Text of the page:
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David Cooper

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David Cooper

Birth
Fredericktown, Cecil County, Maryland, USA
Death
18 Jun 1877 (aged 55–56)
Utah, USA
Burial
Salt Lake City, Salt Lake County, Utah, USA Add to Map
Plot
A_7_11
Memorial ID
View Source
David Cooper was born in Brooks Reserve, Fredericton, Maryland in 1821. His family emigrated to Pennsylvania when he was 10. He was educated there, including Gettysburg College. He was a Whig and worked on behalf of the election of Zachary Taylor to the Presidency, for which he was rewarded with a judgeship in the new Minn. Terr. Unseated from his position by the Democrats in 1853, he returned to lawyering in St. Paul.

He and his family emigrated to the silver country in Nevada in the 1860s, perhaps after the Civil War. His wife remarried and was living with all but the oldest of her Cooper children in the Nathan D. Anderson household in Lander Co., Nevada at the time that David Cooper died in hospital at Salt Lake City in 1877. He was a lifelong eccentric and died with debts, which explains the markerless grave; apparently no relative or colleague wanted to splurge for a permanent grave marker?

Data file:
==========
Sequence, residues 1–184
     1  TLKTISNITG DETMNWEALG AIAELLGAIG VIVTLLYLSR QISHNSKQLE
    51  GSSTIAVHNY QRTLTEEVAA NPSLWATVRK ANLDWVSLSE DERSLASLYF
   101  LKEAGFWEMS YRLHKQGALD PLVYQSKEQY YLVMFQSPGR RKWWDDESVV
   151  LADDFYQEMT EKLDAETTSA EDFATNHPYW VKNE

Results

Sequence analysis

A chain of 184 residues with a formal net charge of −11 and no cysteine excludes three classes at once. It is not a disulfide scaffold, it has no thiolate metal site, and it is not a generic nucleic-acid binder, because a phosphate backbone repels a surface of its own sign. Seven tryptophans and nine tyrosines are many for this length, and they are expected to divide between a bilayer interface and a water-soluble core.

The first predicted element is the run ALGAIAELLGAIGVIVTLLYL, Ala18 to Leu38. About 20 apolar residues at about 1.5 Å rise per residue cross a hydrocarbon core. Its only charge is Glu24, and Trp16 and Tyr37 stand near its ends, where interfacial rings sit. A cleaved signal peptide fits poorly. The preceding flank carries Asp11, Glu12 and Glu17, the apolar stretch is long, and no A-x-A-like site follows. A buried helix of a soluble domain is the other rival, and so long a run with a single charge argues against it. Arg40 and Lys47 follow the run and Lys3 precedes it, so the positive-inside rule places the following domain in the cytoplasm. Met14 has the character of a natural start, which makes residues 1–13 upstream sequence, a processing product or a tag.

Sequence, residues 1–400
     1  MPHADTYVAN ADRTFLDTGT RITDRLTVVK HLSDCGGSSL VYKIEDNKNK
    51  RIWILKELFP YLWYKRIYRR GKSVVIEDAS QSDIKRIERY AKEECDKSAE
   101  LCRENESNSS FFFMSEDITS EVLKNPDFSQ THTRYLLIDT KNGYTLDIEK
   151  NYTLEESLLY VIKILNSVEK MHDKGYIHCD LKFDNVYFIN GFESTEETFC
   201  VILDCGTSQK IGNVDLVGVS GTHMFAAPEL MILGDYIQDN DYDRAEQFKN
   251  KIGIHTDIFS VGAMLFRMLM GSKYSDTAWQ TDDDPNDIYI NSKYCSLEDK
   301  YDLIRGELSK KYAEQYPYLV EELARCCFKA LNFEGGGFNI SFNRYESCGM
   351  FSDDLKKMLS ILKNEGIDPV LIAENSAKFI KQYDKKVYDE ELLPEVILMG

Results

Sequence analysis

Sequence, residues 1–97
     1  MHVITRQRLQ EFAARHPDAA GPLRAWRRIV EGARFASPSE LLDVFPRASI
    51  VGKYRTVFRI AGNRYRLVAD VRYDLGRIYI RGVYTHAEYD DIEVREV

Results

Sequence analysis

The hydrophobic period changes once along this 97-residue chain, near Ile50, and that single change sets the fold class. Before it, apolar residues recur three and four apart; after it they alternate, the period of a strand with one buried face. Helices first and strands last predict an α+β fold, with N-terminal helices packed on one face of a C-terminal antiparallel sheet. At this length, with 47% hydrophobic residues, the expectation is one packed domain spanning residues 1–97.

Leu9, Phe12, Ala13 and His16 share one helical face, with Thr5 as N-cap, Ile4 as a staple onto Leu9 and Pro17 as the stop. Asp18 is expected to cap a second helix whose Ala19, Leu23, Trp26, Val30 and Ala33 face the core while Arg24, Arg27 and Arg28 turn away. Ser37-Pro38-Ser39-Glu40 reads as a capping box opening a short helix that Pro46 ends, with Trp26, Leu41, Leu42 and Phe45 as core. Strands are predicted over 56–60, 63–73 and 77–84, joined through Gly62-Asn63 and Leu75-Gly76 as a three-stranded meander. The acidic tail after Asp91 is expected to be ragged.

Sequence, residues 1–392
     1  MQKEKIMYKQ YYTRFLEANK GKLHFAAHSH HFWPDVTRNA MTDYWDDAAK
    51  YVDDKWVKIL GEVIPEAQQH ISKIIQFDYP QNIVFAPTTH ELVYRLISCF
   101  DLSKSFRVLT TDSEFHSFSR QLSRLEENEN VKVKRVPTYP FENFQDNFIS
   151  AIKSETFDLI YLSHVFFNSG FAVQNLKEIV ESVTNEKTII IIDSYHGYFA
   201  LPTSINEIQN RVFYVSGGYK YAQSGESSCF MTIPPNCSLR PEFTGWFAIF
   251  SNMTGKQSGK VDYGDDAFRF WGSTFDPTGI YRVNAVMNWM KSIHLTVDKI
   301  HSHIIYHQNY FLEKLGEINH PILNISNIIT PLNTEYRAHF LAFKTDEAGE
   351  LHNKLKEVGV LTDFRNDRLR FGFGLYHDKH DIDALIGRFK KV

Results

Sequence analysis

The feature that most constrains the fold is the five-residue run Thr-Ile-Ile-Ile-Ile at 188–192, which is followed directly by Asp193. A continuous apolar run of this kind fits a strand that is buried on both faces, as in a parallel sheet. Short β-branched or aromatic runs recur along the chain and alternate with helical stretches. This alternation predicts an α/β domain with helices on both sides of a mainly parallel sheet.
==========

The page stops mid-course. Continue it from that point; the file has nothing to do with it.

I would appreciate any leads as to more details of the Judge David Cooper story. I am a Minnesota historian with reason to seek information, especially about the family's Minnesota Territory years 1849-1857 and about David Cooper's personal activities, including work on behalf of the Ojibwe in 1862 during the Indian unrest.
David Cooper was born in Brooks Reserve, Fredericton, Maryland in 1821. His family emigrated to Pennsylvania when he was 10. He was educated there, including Gettysburg College. He was a Whig and worked on behalf of the election of Zachary Taylor to the Presidency, for which he was rewarded with a judgeship in the new Minn. Terr. Unseated from his position by the Democrats in 1853, he returned to lawyering in St. Paul.

He and his family emigrated to the silver country in Nevada in the 1860s, perhaps after the Civil War. His wife remarried and was living with all but the oldest of her Cooper children in the Nathan D. Anderson household in Lander Co., Nevada at the time that David Cooper died in hospital at Salt Lake City in 1877. He was a lifelong eccentric and died with debts, which explains the markerless grave; apparently no relative or colleague wanted to splurge for a permanent grave marker?

I would appreciate any leads as to more details of the Judge David Cooper story. I am a Minnesota historian with reason to seek information, especially about the family's Minnesota Territory years 1849-1857 and about David Cooper's personal activities, including work on behalf of the Ojibwe in 1862 during the Indian unrest.

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